New Zealander Michael Fay met with Dennis Conner's America's Cup team in San Diego yesterday, but the two sides made no apparent headway in complex negotiations over Cup races next September. Fay's two-hour session with Malin Burnham, head of Conner's Sail America Foundation, was their first since Fay's surprise Cup challenge was filed in July.

After the meeting, Burnham repeated assurances Conner will defend the Cup against Fay's huge, 90-foot-waterline challenger next fall, but again refused to name a site until 90 days beforehand and vowed to allow no challengers but New Zealand to compete.

Said Burnham's assistant, Tom Ehman, "They {Fay and Burnham} agreed to disagree. We're going to settle this thing on the water."

Fay pushed Conner's forces into a premature defense of the prize they won off Australia last winter by filing a challenge July 17 under long-neglected, antiquated rules of the 100-year-old Cup Deed of Gift.

Conner had planned a defense four years hence, and today Burnham renewed that pledge, saying, "If we are successful {against New Zealand} we will host a modern America's Cup regatta in 12-meter yachts off San Diego in 1991."

Fay hoped in yesterday's meeting to convince Burnham to name San Diego as the September racing site and to allow other nations to race for the right to challenge.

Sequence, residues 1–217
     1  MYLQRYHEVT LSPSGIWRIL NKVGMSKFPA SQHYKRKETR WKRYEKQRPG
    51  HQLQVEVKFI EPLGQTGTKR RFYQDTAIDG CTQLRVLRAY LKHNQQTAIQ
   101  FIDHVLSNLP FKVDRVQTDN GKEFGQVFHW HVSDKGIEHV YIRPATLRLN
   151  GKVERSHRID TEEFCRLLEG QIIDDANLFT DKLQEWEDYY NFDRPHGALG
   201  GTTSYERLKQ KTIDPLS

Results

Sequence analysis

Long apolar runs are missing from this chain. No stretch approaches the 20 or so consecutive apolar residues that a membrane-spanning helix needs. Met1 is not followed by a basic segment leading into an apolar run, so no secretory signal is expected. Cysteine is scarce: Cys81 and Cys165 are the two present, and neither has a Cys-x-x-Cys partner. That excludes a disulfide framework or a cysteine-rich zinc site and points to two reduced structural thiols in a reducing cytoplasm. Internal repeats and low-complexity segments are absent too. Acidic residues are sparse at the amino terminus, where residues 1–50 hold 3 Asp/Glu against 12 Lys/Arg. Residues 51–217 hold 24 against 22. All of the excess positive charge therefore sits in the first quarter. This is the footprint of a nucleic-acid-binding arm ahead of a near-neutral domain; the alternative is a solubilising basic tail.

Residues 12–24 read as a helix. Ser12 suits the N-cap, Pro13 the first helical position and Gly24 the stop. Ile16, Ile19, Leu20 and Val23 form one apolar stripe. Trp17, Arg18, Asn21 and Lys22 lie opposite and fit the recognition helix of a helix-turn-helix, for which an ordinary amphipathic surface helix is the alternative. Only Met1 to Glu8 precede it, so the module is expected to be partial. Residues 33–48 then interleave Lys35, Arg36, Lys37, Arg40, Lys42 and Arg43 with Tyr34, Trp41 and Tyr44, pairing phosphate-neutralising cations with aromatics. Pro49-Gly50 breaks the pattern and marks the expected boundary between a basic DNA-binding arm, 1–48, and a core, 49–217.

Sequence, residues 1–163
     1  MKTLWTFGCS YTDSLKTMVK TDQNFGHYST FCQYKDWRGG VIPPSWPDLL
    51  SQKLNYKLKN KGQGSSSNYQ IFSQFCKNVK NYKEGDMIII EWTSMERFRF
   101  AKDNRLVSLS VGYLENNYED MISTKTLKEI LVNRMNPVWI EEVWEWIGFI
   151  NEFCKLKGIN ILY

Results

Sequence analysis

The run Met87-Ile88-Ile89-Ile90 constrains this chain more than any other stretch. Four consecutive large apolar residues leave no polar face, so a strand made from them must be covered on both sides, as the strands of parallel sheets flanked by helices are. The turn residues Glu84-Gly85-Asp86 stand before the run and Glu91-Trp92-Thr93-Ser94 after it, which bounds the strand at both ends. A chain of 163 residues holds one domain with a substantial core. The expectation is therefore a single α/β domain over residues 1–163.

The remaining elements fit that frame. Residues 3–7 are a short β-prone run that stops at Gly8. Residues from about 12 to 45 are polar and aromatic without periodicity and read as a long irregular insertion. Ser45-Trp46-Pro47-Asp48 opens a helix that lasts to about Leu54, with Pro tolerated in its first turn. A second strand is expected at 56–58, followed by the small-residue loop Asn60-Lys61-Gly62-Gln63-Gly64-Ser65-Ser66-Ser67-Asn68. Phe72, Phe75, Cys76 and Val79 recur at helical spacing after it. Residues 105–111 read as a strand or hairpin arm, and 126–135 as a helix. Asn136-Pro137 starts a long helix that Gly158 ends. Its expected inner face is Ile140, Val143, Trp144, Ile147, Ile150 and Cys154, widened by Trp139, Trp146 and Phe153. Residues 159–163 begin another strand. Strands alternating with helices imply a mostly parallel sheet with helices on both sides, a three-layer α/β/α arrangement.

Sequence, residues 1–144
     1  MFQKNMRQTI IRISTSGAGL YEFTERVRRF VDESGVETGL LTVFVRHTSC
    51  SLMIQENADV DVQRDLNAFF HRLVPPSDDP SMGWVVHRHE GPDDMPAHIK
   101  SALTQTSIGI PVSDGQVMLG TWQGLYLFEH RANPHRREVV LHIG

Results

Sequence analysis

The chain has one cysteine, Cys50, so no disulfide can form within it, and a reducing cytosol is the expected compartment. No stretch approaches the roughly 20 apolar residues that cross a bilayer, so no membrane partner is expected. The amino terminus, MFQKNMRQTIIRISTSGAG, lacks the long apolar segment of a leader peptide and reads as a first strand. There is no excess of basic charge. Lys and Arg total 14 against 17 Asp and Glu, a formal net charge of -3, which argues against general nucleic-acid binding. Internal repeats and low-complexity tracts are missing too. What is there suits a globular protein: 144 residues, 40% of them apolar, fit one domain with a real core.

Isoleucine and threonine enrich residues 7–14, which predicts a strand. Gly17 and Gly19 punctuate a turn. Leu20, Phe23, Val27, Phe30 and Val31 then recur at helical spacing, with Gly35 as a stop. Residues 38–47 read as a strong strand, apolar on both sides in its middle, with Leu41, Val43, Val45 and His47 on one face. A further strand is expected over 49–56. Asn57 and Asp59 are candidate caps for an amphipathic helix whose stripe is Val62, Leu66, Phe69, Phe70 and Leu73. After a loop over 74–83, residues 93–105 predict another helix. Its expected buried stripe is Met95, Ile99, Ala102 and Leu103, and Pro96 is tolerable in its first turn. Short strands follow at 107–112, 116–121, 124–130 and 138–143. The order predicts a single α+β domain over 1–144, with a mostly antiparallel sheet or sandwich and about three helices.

He also hoped to convince Burnham that Sail America was obliged under the rules to race in a boat similar to the massive, single-hulled sloop New Zealand is building. Recent reports indicated Sail America believes a fast trimaran or catamaran would be legal, which could make the race a runaway.

But Sail America design coordinator John Marshall offered no promises on hull design yesterday.

"Our job is, in the short time reamining . . . to design a superior boat. She may well be very similar to Fay's," he said.

"On the other hand," said Marshall, "we hope and believe that in America we will identify other concepts more promising still.

"Who knows? Perhaps a lighter, smaller, more efficient craft crewed by 10 or 11 good men can outmaneuver and outsail Fay's monster yacht."

Fay will head back to New Zealand, where his yacht is under construction and due for launch in March. Sail America promised to introduce its sailing team and some design concepts at a press conference early next month.

Meanwhile, in Toronto, the Canadian Force 12 North team announced its intention to join the September regatta if other challengers are permitted.

That brings to three the number of additional challengers who want to compete. Australia's Alan Bond and Britain's Peter deSavary are building 90-foot-waterline boats, and Bond has promised to sue if Sail America bars them from racing.